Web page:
Punctuation marks may not seem important, but they are. Without correct usage of punctuation, the meaning of a sentence can be lost. This podcast will highlight the basic rules of English language punctuation.
Tag: punctuation marks
Exclamation marks are one of the most controversial pieces of punctuation in the English language. In this podcast, our editors explain how and when using exclamation marks is correct.
If you’re North American, you may be wondering what exactly full stops are—here’s a hint, there is one at the end of this sentence. This is the main function of full stops, or periods: marking the end of a sentence.
There are multiple forms of full stops or symbols used to signal the end of a sentence, each used under different circumstances. When to use a full stop and the proper form to use are discussed in this podcast.
If you thought the first article about quotation marks was a non-stop ride of grammatical thrills and chills, hold on to your hats because part two features even more explosions of grammatical greatness! And now, without further ado, we are proud to present Quotations Marks: How to Use Quotation Marks.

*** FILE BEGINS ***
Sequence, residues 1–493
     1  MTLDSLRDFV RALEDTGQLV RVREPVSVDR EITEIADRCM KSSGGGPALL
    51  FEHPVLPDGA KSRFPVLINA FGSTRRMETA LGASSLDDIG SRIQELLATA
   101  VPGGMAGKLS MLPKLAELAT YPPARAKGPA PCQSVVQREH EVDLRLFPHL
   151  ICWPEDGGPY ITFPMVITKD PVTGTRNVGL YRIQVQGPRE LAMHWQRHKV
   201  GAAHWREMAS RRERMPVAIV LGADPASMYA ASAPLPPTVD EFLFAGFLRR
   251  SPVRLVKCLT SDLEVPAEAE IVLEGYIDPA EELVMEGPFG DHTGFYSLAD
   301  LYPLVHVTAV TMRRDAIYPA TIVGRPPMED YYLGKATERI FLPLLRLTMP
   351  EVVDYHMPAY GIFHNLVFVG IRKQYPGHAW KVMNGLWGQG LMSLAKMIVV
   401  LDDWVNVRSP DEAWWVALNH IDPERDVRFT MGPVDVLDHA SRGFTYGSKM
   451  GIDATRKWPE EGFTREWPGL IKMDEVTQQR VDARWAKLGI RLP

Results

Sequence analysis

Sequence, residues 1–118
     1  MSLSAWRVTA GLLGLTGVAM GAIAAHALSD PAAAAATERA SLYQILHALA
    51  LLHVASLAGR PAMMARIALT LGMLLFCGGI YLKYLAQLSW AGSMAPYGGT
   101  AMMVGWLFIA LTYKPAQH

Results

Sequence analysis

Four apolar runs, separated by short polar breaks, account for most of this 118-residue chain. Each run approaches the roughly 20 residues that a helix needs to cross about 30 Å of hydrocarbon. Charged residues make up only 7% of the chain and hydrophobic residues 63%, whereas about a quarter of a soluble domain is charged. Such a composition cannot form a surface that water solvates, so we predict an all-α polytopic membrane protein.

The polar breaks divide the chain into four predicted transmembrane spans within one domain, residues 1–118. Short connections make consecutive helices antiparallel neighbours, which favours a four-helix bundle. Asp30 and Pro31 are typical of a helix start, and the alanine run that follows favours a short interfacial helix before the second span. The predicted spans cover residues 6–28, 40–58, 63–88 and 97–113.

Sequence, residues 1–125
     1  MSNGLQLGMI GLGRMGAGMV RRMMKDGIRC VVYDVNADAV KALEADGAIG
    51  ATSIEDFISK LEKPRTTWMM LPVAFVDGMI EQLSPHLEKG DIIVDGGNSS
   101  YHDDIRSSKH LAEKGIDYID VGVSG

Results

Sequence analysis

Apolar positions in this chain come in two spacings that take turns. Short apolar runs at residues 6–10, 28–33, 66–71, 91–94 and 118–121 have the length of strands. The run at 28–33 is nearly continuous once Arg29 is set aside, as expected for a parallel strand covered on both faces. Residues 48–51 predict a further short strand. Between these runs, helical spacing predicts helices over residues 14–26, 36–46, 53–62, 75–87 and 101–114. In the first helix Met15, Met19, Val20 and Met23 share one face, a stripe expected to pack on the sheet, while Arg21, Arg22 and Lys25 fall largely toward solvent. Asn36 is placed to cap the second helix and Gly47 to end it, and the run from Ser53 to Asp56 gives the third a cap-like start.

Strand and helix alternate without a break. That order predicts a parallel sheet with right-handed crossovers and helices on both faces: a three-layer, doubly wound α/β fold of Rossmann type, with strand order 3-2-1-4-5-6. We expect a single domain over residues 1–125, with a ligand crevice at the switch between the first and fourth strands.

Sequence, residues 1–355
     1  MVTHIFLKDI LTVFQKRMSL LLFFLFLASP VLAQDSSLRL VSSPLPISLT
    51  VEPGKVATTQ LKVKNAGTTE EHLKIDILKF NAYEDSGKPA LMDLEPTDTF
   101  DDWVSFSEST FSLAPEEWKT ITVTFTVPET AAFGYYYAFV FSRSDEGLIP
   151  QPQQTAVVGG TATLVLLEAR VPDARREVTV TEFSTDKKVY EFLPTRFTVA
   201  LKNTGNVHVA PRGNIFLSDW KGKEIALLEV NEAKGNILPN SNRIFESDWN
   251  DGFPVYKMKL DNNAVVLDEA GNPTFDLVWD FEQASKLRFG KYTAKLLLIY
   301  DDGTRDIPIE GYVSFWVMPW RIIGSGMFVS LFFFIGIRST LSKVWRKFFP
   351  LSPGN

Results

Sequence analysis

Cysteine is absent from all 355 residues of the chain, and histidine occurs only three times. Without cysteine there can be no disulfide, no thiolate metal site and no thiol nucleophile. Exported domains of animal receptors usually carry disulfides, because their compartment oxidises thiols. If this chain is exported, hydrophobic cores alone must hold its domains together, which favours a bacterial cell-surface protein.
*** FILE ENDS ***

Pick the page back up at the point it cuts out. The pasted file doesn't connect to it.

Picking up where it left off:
Punctuation marks can be confusing, and the hyphen is no exception. In this podcast, the Scribendi.com editors explain what the hyphen is and how to use it in different circumstances.
Are hyphens causing havoc in your humanities papers? Have dashes destroyed your dissertation? Don't let punctuation puzzle you any longer; we are here to help.
There is actually a lot to consider when using quotation marks, including when to use single or double quotation marks and how to format a quote within a quote. These questions, among others, are answered in this podcast.
If you need some clarification on whether to use single or double quotation marks, this podcast is for you. Knowing the appropriate way to use these quotation marks is critical for clearly articulating what you want to say.
Quotation marks are often confusing to ESL writers unfamiliar with English grammar and punctuation rules. When to use double or single quotation marks is even trickier. However, there's no need to be embarrassed—these upside down commas sometimes confuse even the most seasoned English writers!